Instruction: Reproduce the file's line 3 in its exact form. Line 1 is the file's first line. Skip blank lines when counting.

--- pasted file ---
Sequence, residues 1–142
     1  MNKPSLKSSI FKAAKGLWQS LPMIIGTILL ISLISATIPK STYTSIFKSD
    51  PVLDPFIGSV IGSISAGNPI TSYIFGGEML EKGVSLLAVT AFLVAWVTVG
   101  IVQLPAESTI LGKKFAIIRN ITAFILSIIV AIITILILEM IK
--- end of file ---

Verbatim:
    51  PVLDPFIGSV IGSISAGNPI TSYIFGGEML EKGVSLLAVT AFLVAWVTVG